In the following article, the author omits mention of Reconstructionist Judaism, but in this matter, the movement, like Reform Judaism, accepts the notion of patrilineal descent. Reprinted with permission from www.convert.org.
Parents may want to consider converting their infants or children to Judaism for a variety of reasons. Some Jewish parents are intermarried, and the gentile spouse does not plan to become Jewish, but both parents agree that the single religion of Judaism will be in the child’s best interest. Perhaps either a gentile parent in an intermarriage or a couple made up of two gentile parents decide to convert to Judaism, but their children were born before the conversion. Perhaps a Jewish couple adopts a gentile child.
In all these cases, conversion to Judaism can be seen as a desirable option for the infants and minor children. (A minor child in Jewish law means the child is under age 12 for a female and under age 13 for a male.)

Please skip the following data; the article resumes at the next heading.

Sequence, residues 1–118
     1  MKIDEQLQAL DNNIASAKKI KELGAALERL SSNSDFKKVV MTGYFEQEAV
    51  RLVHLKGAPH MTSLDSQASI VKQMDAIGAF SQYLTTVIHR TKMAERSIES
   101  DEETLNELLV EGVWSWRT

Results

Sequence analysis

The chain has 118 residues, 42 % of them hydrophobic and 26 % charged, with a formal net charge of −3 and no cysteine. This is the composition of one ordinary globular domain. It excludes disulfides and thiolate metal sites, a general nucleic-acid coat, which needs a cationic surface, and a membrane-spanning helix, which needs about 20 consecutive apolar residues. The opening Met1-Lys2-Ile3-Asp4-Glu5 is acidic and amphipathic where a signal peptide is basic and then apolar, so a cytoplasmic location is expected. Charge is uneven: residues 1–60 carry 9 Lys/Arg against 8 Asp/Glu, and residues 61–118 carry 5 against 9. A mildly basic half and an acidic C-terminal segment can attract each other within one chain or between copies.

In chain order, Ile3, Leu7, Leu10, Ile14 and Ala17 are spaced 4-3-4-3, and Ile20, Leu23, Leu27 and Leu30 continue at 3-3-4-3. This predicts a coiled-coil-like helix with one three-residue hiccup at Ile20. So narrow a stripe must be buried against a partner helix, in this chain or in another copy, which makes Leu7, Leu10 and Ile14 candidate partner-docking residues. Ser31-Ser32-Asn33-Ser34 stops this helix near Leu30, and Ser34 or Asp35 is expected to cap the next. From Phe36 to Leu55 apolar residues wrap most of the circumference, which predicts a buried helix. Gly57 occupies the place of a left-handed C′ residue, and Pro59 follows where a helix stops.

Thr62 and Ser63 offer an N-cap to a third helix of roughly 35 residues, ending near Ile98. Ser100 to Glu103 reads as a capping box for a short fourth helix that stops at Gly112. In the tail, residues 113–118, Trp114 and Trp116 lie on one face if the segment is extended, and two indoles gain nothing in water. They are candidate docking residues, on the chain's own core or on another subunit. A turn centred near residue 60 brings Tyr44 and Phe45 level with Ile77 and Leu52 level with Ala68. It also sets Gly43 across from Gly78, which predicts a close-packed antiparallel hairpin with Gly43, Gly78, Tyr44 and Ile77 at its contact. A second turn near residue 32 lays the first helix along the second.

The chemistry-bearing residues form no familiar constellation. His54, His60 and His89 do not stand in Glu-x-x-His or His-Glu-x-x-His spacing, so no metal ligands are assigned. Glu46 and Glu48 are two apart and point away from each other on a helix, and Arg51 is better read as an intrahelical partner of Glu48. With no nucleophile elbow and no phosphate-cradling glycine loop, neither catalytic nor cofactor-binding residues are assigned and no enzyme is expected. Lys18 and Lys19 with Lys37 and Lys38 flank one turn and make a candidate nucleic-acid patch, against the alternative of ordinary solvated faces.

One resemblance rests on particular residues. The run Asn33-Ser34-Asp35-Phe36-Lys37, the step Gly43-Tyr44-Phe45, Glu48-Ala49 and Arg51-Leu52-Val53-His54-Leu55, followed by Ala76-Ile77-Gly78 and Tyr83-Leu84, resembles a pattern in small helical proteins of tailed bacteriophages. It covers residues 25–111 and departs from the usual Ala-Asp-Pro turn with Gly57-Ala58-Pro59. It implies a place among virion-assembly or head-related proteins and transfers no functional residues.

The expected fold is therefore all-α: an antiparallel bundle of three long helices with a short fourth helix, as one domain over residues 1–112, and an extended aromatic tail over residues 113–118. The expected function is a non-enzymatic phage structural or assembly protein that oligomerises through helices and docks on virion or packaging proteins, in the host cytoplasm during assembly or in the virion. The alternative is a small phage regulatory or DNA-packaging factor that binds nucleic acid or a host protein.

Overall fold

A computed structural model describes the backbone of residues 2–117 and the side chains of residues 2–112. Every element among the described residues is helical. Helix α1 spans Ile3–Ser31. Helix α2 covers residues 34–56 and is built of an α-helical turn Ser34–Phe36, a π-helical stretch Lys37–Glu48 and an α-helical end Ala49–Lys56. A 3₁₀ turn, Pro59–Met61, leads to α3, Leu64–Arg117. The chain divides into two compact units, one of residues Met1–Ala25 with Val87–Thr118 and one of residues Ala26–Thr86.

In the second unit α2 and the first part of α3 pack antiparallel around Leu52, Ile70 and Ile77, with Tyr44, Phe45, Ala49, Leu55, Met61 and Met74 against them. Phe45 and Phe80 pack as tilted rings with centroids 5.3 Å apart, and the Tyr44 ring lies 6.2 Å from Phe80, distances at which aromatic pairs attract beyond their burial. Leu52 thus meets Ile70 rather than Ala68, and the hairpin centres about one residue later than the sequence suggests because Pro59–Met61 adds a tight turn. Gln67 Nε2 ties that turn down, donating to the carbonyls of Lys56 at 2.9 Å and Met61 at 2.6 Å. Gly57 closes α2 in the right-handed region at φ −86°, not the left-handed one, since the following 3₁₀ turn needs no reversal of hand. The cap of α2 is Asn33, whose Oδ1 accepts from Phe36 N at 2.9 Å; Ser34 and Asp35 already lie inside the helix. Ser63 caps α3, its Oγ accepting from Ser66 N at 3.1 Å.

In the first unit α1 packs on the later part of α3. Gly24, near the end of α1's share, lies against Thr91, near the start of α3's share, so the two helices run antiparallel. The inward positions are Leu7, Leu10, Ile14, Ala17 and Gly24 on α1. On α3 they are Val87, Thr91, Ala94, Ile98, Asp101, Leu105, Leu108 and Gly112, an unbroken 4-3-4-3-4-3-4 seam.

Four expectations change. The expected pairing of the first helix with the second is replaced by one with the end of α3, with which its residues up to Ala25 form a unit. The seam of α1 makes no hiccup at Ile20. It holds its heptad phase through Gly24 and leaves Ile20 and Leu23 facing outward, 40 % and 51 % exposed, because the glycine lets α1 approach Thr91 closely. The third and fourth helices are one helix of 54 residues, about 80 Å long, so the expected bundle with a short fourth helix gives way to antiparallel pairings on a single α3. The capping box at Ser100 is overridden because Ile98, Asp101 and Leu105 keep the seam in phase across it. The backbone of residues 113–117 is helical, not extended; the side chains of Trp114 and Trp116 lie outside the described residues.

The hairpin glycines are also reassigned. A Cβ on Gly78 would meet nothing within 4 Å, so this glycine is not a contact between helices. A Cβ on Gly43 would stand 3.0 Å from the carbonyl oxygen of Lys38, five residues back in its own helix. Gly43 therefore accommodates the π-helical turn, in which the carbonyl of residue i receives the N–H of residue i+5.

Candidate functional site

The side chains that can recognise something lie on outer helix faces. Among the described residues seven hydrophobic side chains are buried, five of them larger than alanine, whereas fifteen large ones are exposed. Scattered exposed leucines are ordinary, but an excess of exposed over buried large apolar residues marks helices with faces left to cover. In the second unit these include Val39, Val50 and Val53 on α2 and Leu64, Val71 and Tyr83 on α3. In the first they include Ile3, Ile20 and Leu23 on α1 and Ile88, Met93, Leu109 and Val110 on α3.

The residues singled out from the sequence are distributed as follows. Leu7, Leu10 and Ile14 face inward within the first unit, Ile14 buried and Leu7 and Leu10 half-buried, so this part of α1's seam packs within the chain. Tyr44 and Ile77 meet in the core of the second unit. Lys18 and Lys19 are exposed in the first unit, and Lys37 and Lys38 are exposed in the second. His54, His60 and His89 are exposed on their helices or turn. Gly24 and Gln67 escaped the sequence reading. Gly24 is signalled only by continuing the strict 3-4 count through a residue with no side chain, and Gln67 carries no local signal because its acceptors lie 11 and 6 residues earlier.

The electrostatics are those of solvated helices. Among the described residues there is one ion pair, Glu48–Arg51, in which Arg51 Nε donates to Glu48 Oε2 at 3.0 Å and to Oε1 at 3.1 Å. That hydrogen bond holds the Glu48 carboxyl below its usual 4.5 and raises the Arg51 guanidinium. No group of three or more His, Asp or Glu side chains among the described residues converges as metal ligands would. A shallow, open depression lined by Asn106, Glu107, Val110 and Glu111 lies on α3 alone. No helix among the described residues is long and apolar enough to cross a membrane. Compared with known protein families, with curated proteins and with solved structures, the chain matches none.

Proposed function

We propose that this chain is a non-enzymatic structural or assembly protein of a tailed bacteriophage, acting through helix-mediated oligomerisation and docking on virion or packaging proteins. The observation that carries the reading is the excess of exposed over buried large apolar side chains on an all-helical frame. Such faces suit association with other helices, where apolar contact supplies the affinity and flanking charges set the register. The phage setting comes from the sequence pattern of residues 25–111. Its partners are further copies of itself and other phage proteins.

When Must a Child Be Converted?
In the case of intermarriage, the child of a Jewish woman and her gentile male spouse is universally recognized as Jewish, so that the conversion of the infant or child is unnecessary. A more delicate and difficult situation arises when the infant or child is born to a Jewish father and gentile mother. The Orthodox and Conservative movements do not recognize such a child as legally Jewish, so that, in such cases, Orthodox and Conservative parents need to have their child legally converted to Judaism.
Under the Reform movement’s patrilineality principle, the child of a Jewish father and gentile mother is presumed Jewish if the child is raised exclusively in Judaism and engages exclusively in public Jewish acts. The children, then, are legally Jewish. However, some of these Reform parents may voluntarily choose to have their children converted for various reasons, such as wider acceptance of the child’s Jewishness by the non-Reform Jewish community.
Jewish parents in all movements need to convert adopted gentile minors for the minors to be considered Jewish. The adoption itself, or even the raising of the children as Jewish, does not make the child Jewish.
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